Angel gowns offer comfort and support

Locals supporting locals in their time of grief and need: Rhonda Barker, Melinda Mills, Tess Chown, Kellie Brett and Kym Cross are the team behind Angel Gowns Mid North Coast. An open day, dress collection and volunteer meet and greet day is being held at Club Taree this Sunday.

Locals supporting locals in their time of grief and need: Rhonda Barker, Melinda Mills, Tess Chown, Kellie Brett and Kym Cross are the team behind Angel Gowns Mid North Coast. An open day, dress collection and volunteer meet and greet day is being held at Club Taree this Sunday.

FOR parents who lose a baby, the grief is unbearable.

A group of women from the Manning have come together in the hope they can offer a small piece of comfort to local families going through the devastating experience.

Angel Gowns Mid North Coast creates beautifully handcrafted gowns and wraps for babies who are born sleeping, who have not survived an illness, or are born prematurely and don't make it home from hospital.

Kym Cross was inspired to form the group after seeing posts from similar groups on Facebook.

"I started sewing and I got a local group together and a local team."

Those team members include Tess Chown, Melinda Mills, Kellie Brett and Rhonda Barker, who are all dedicated to supporting locals in their time of grief and need.

Not all are sewers, but all bring different skills to the group.

"The gowns are for stillborn babies, premature babies who don't make it and infants who die from illness in the first 12 months of life," said Kym.

"It is about acknowledging their birth and the idea is that the baby looks like an angel in an elegant outfit."

Statistics show six stillborn babies are born in Australia every day, which doesn't include premature babies who don't survive, while one in four pregnancies ends in a miscarriage.

Kym said the connection parents feel with their unborn child is strong, and with inroads into medicine they are given the opportunity to find out what they are having.

"As soon as you know you are pregnant it is real," said Kym.

"The father gets to feel the baby moving or put their ear on the tummy ... other children are excited too.

"We want to be able to let the parents know someone feels their pain."

Both Kym and Rhonda personally know how it feels to lose a child and they say it brings an understanding of what other parents are going through.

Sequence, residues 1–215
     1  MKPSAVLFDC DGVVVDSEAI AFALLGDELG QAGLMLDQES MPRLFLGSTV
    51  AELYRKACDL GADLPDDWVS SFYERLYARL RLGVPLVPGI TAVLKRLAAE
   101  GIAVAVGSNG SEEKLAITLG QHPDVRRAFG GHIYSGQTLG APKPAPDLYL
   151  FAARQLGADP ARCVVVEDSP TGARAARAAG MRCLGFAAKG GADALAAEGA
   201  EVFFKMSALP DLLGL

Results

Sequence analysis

Rhonda lost a child at 20 weeks gestation and she also lost her daughter, aged 21, in a car accident on The Lakes Way last year (only a few months before losing her father).

"This is something really good to have come out of it and along the way I can help someone else who is grieving," said Rhonda.

Kym's daughter died at the age of 13 from a heart condition.

Her aim with this project is to offer parents "peace and light" during a dark time.

In addition to gowns and wraps for babies, the group can make gowns to fit children up to two years of age.

"We can also make garments for older girls and boys, which can be made to order," said Kym.

Men's ties are used to create vests.

Kym said the loss of a child doesn't have to have just happened to use the service.

"If you have lost a child we can make one for you to keep as a keepsake. We can make memorial gowns out of wedding gowns."

The group has donated gowns and wraps (for babies pre-20 weeks) to the Manning Hospital that will be stored in a bereavement cupboard along with memory boxes that are available to parents who experience this heartbreak.

They have also been in contact with local funeral homes about providing gowns and wraps to them.

Angel Gowns Mid North Coast covers Bulahdelah to Coffs Harbour and Gloucester and has also received support from Dubbo, Tamworth, the Central Coast and Queensland through its Facebook page.

The idea of using wedding gowns to make gowns for babies is not new, and the Pink Ladies have been creating and knitting smocks and gowns for the same purpose for some time.

Since the group's formation, they have received offers from people keen to donate or sew for them - offers which have been very welcome.

The first official donated gown came from Allyson Klysoon as soon as the Facebook page, Angel Gowns Mid North Coast, was launched.

"Being a country town we are locals supporting locals and the gowns are helping people in the community," said Kym.

All the brides who donate receive a thank you card.

They have pick up points in Taree, Wingham, Port Macquarie, Laurieton and Forster. The Taree the pick up point is Ace Salon Supplies and in Wingham it is Dress Up.

Dress collection day

ANGEL Gowns Mid North Coast will hold a dress collection and volunteer meet and greet on Sunday, August 31, at Club Taree from 10am to 3pm.

Donations of wedding and formal dresses will be accepted as well as much-needed materials including cotton, ribbon, fabric, glue and lace.

People interested in volunteering their time to deconstruct, sew and help package gowns to be donated to Mid North Coast hospitals and funeral homes are also welcome to attend.

For more information see the Facebook page www.facebook.com/angelgownsmidnorthcoast or email angelgownsmidnorthcoast@outlook.com

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